2.Chinese Independent documentary from the mid 90’s onwards: the demolition of the private space.
The Chinese independent documentary emerges from a gradual closure of the public space as it has been understood during the maoist period. Therefore, it became by force the starting point of the exploration of the endless infinite, that is, the individual and what is called its geren fengge (个人风格), its individual style, self-expression, “independent” view. Although this has not changed, from mid 90’s onwards the stress has arguably gone more intimate, more self-reflexive and performative. What the xianchang form emphasized at the beginning was a reflection of how the political events constricted the fates of the individuals, the public context seen from a private point of view. From the mid 90’s onwards, new styles and new aspirations came to modify and enrich this trend. Individuality wants to reinforce itself in more extreme ways, sometimes at the expense of the public. In There’s a strong wind in Beijing, the documentary that arguably inaugurates the second phase of the independent documentary, the filmmaker intrude on a man in a public toilet, literally caught with his pants down, and asks “Is the wind in Beijing very strong?” In The box (2001), the filmmaker records the very private life of one lesbian couple. Public bathrooms and intimate bedrooms are crudely offered to public sight. Interaction, intrusion, and a reinforced understanding of “individuality” force some documentarians to present themselves not just behind the camera, but also in front of it. Individuality is more a subjective matter than an objective one.
West of the tracks, Wang Bing’s 2003 masterpiece about the decline of a factory in northwest China is a good visual record of the transition from the collective to the individual, the individual understood now as a new existential, significant measure. It is a three episodes documentary, nine hours long. In the first and second part, Rust and Remnants, the protagonist, as Wang Bing has explained, is the factory itself, the common space that determines the fates of the people within it. In these two episodes, people is not regarded as “individuals”, instead, they conform a net of relations that are conditioned by the position they occupy in the factory. The factory is not just a place of work, but a space that entails a collective way of living, a common understanding and a set of shared values. The individuals as such appear in the third part, Rails, once we have witnessed in the previous chapters the shut down of the factories and the correlated demolition of the workers’ neighbourhood surrounding them. The third part is the story of the Dus, a father and a son trying to make a living out of the rails, selling stolen coal from the wagons, doing little jobs here and there, exhausted and all by their own, alone. The third part is also the shorter one, two hours long instead of the four hours of the first chapter, and the three of the second, implying metaphorically the actual duration of each historical period: 30 years living under the hammering promotion of socialism (1949- 1979), 20 years under its officially run disarticulation (1979-1999), and a bunch of years since its apparently total replacement for a capitalist system.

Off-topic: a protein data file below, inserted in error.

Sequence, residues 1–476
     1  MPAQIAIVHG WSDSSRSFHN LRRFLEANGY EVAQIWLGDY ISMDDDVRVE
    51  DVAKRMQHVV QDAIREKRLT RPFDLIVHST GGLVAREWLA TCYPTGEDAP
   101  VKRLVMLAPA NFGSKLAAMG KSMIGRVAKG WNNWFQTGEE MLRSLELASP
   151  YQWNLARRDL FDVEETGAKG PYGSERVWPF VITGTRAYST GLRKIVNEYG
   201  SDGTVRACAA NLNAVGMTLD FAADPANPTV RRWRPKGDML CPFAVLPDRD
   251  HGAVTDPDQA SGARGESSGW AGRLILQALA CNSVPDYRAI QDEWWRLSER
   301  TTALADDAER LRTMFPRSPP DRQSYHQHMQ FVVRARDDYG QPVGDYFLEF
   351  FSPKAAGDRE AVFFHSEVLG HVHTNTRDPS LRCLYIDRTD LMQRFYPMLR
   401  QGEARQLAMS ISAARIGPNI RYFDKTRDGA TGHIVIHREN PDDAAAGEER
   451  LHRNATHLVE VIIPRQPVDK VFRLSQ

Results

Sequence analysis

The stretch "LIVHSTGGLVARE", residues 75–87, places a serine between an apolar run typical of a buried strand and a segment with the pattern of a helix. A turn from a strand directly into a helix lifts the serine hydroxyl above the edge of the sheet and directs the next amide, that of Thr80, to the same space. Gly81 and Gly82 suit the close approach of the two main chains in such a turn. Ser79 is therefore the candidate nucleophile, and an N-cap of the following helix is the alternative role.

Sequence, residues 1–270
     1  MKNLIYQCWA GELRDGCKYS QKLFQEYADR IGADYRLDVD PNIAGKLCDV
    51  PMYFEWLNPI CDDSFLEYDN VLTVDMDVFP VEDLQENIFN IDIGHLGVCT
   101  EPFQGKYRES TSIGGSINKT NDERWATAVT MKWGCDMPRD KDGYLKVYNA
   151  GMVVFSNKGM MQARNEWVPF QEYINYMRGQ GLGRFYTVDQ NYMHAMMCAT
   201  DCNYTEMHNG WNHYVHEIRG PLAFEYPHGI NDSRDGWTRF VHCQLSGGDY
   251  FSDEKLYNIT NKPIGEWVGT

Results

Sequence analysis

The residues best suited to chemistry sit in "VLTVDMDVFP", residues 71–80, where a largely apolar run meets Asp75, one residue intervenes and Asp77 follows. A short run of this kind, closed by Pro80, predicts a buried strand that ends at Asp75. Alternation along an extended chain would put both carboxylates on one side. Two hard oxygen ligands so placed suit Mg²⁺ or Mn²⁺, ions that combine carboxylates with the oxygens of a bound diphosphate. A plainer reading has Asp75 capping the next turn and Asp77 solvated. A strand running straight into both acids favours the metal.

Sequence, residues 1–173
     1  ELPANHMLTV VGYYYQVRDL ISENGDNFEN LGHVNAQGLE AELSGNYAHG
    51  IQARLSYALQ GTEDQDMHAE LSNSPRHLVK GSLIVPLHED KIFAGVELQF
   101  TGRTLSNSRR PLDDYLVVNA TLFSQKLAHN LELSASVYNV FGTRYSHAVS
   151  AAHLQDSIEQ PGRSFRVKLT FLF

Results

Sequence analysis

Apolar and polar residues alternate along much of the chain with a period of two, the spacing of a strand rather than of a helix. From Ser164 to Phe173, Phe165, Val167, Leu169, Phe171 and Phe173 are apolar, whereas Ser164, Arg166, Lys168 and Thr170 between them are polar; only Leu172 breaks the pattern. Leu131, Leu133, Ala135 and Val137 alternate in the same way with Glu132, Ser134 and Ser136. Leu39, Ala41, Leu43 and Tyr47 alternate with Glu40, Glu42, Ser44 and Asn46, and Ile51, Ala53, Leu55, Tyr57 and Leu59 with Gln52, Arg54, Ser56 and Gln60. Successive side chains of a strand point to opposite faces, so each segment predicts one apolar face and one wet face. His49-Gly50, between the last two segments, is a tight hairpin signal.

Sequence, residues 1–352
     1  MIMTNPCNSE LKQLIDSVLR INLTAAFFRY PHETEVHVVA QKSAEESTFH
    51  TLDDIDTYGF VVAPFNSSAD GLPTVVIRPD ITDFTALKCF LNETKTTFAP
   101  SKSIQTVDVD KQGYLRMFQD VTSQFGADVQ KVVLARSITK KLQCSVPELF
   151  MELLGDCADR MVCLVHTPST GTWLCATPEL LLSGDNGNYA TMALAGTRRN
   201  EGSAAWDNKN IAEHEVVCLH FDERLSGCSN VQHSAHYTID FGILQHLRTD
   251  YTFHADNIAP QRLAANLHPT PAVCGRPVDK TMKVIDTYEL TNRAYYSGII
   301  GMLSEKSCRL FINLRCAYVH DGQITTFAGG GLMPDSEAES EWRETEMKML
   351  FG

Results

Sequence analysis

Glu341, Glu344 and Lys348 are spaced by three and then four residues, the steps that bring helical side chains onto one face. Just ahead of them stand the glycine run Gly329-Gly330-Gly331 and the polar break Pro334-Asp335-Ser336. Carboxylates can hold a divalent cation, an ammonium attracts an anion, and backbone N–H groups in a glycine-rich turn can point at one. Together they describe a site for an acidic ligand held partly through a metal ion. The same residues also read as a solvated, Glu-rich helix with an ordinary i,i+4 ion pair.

In this “economical” sense, turning back to the worldly context that is the primal matter of documentaries, the demolition process that had began with the (politically determined) public space continues its way down to the private space, that is, at first, my house, your neighbourhood, their village, and then, the very sense of identity that the demolished spaces entailed. Recently born individuality is also threatened. The speed of the economic transformation that began with the modernization process of the 80’s is exponentially increasing. It seems that it literally leaves no time to reflect on the transformation itself. It seems that only allows to record, document, and eventually, try to save the same thing that disappears while is being saved. In short, a desperate capture of the millions of “on-the-spots” that have no future. A shared conscience of urgency emerges and the independent documentary production soars since the mid 90s. The new DV cameras, cheap and easy to use, allow more and more people to record their environment, their interior, looking for identity itself. Thus the ethic and aesthetic xianchang principle is from now on complemented with a growing and perplexed awareness of the demolition that is taking place around. A chai not only in terms of space, this building or that siheyuan, villages becoming cities and cities devouring themselves in the endless loop of consumerism, but also in terms of the subject -filmmaker, neighbour or migrant- that has to be re-located against the destruction that threatens their very identity.